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Given the power asymmetries between adults and young people, youth involvement in research is often at risk of tokenism. While many disciplines have seen a shift from conducting research on youth to conducting research with and for youth, engaging children and teens in research remains fraught with conceptual, methodological, and practical challenges. Arnstein’s foundational Ladder of Participation has been adapted in novel ways in youth research, but in this paper, we present a new rendering: a ‘rope ladder.’ This concept came out of our youth-driven planning process to develop a Youth Advisory Council for the Human Environments Analysis Laboratory, an interdisciplinary research laboratory focused on developing healthy communities for young people. As opposed to a traditional ladder, composed of rigid material and maintaining a static position, the key innovation of our concept is that it integrates a greater degree of flexibility and mobility by allowing dynamic movement beyond a 2D vertical plane. At the same time, the pliable nature of the rope makes it both responsive and susceptible to exogenous forces. We argue that involving youth in the design of their own participatory framework reveals dimensions of participation that are important to youth, which may not be captured by the existing participatory models.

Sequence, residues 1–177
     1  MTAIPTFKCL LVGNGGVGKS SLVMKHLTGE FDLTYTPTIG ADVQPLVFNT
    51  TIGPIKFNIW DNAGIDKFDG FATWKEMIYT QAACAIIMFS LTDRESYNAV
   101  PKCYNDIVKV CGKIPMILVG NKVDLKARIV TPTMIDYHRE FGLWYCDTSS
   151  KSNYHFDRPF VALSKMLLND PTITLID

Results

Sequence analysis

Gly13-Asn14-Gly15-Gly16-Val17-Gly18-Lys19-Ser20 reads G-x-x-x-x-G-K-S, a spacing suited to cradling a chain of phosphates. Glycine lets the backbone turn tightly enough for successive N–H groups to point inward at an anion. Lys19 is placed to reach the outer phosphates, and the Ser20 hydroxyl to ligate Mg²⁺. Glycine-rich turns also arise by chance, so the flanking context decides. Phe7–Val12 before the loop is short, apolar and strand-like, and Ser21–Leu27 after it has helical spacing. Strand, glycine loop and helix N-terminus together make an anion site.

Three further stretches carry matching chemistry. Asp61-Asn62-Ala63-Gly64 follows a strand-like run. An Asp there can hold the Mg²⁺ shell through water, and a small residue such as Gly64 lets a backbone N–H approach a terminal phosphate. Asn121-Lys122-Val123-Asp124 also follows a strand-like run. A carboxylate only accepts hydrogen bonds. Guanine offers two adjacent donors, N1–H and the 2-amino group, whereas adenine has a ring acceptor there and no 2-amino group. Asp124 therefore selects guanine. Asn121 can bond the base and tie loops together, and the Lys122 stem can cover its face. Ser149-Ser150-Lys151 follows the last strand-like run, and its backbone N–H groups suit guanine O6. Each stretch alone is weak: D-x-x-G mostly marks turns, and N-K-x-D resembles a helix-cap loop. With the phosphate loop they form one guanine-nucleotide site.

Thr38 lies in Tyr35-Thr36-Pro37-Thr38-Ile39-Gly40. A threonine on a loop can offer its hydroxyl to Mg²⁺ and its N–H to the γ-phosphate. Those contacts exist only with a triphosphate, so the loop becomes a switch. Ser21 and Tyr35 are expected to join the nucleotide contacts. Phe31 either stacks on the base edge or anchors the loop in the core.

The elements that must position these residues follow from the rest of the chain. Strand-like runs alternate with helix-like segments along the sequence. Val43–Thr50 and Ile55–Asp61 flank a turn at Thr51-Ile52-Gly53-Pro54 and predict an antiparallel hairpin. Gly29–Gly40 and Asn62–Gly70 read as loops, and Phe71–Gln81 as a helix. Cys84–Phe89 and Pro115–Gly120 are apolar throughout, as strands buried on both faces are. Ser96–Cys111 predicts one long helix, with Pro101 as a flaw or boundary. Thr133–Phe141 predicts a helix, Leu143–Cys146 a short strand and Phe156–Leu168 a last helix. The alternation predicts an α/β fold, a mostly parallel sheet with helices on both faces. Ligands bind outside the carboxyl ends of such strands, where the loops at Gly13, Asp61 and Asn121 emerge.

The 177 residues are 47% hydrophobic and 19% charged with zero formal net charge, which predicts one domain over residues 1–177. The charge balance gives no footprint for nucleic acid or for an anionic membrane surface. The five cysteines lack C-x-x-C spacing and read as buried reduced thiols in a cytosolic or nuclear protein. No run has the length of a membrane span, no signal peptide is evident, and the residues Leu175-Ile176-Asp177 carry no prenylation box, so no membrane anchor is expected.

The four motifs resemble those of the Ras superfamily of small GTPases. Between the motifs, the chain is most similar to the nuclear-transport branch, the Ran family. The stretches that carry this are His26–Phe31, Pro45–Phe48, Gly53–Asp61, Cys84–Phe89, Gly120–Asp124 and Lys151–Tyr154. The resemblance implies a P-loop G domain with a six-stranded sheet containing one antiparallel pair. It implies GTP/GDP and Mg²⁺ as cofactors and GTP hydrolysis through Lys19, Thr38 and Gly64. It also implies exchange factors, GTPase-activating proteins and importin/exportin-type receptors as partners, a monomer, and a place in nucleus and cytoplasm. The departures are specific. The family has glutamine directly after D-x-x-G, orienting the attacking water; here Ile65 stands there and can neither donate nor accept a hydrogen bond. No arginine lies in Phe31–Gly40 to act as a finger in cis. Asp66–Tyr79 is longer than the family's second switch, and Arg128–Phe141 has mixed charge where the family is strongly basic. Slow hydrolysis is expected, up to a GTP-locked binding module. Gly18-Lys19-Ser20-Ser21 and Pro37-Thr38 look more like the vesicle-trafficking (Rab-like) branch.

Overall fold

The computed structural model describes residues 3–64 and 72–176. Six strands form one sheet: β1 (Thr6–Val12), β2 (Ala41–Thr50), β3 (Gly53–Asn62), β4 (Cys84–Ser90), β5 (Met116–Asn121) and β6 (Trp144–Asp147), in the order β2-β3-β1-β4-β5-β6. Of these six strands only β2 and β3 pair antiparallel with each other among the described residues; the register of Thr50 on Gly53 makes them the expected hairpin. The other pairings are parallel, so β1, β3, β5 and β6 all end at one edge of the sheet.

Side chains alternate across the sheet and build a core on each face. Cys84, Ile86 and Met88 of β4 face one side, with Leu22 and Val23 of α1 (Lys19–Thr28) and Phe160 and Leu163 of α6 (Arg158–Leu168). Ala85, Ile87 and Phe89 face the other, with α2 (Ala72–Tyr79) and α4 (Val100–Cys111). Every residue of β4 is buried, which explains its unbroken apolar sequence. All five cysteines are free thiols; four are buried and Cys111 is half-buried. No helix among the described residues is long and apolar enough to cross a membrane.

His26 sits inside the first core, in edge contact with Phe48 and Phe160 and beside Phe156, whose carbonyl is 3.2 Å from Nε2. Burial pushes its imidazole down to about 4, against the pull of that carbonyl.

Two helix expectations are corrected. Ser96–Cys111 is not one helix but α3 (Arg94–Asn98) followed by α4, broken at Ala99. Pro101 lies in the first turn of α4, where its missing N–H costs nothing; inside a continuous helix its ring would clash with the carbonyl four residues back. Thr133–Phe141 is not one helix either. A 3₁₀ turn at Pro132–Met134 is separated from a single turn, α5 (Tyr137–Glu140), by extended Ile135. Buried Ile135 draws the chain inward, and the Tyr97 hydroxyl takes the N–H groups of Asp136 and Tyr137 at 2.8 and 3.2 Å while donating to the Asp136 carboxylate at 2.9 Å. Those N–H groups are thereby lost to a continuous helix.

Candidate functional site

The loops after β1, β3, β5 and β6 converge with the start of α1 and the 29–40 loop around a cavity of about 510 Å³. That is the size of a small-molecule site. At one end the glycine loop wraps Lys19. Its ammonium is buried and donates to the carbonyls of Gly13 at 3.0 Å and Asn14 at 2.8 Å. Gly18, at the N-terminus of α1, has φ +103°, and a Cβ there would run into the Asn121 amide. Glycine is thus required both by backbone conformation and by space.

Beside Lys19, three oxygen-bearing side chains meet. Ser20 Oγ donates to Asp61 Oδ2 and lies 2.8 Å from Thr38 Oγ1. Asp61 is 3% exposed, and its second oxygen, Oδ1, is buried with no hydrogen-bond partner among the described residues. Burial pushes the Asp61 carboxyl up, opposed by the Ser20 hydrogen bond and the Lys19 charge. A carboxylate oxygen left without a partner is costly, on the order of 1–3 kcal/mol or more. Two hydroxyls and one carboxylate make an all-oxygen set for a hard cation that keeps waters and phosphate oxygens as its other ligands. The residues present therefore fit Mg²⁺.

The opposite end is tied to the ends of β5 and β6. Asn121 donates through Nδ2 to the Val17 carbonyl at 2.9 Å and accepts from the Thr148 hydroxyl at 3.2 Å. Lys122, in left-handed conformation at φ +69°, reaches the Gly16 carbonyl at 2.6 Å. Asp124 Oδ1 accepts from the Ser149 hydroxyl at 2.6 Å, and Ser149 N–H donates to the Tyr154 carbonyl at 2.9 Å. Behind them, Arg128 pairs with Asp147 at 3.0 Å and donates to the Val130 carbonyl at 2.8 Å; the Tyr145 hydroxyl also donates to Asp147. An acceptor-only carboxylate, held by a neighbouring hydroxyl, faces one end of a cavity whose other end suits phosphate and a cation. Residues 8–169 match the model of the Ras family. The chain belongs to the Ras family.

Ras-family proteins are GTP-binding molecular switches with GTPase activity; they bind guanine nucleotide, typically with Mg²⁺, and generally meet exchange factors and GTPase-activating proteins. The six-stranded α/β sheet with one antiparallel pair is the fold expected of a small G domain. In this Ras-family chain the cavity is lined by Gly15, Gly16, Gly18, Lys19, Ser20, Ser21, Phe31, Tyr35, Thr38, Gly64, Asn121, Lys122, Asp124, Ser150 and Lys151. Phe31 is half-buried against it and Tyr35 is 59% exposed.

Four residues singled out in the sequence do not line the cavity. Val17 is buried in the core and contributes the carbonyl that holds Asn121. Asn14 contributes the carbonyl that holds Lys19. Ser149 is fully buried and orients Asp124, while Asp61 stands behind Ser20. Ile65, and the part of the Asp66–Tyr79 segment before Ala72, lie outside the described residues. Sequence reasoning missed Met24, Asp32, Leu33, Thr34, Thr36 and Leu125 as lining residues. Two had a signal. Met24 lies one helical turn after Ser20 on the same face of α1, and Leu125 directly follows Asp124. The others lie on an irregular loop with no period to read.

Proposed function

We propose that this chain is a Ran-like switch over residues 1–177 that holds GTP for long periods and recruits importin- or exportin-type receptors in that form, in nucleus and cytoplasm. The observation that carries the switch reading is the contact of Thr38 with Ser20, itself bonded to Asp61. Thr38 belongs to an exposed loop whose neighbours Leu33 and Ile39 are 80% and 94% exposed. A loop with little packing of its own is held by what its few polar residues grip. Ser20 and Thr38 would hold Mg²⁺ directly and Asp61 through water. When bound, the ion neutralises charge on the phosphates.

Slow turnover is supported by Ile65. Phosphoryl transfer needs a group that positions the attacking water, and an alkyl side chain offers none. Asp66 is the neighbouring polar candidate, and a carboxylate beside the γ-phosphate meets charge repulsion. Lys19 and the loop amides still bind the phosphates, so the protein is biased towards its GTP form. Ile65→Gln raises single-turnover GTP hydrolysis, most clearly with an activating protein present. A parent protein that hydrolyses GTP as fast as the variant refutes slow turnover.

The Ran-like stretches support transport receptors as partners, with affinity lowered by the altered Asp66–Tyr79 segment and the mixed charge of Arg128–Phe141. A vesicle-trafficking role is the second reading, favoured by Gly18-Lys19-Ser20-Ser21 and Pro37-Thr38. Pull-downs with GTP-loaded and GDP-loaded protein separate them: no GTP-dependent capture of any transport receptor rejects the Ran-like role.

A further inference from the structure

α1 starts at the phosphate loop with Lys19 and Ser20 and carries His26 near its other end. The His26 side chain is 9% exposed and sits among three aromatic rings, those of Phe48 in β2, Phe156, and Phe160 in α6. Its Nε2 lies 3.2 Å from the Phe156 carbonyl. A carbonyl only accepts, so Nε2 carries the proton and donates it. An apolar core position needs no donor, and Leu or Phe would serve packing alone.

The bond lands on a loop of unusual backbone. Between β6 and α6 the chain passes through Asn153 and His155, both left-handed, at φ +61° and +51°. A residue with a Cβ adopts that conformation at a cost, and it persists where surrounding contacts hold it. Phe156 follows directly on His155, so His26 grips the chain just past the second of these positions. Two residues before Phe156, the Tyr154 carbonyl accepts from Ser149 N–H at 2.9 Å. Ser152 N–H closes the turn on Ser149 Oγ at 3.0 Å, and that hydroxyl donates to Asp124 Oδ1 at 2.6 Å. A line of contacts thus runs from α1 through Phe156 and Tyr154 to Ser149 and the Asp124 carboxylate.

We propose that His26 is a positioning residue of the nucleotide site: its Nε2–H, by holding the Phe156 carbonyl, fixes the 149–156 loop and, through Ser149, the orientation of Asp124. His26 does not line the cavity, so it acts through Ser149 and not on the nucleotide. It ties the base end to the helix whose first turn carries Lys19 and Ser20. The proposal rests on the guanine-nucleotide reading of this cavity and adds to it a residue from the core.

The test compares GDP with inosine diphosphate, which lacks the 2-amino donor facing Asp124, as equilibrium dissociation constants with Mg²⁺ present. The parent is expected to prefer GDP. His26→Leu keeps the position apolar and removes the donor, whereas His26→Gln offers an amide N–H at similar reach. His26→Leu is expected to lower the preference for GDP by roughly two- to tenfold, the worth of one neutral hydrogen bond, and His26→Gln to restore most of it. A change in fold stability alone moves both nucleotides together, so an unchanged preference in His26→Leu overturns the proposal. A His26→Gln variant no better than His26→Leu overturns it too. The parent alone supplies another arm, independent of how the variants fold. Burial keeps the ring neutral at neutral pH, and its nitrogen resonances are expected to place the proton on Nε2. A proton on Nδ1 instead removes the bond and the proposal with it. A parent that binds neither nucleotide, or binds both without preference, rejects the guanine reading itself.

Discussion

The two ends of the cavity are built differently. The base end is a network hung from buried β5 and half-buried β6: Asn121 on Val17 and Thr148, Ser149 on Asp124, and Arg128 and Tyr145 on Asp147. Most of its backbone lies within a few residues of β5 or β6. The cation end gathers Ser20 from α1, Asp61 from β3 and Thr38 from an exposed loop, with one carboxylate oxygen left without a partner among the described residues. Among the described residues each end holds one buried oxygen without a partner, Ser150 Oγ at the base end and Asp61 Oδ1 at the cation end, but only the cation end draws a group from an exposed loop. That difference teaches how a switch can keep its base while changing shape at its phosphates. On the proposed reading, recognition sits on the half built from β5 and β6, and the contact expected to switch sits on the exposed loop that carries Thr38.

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Citation of this paper:
Arunkumar, K.; Bowman, D.D.; Coen, S.E.; El-Bagdady, M.A.; Ergler, C.R.; Gilliland, J.A.; Mahmood, A.; Paul, S. Conceptualizing Youth Participation in Children’s Health Research: Insights from a Youth-Driven Process for Developing a Youth Advisory Council. Children 2019, 6, 3.
Figure 1. Schematic of our process for developing a Youth Advisory Council (YAC).
children-06-00003-g002.png (2173 kB)
Figure 2. A rope ladder model of youth participation. (a) Braiding illustrates how diverse fibers form strands, and strands are braided together to construct the rope; (b) Swinging and swaying shows how the rope ladder can move flexibly in multiple directions; (c) Knotting and twisting depicts how knots can be employed to fix frays in the rope, and twists can create obstacles; (d) Looping shows the circuitous formation the rope ladder can take—rather than straight up and down—which can integrate feedback throughout the process.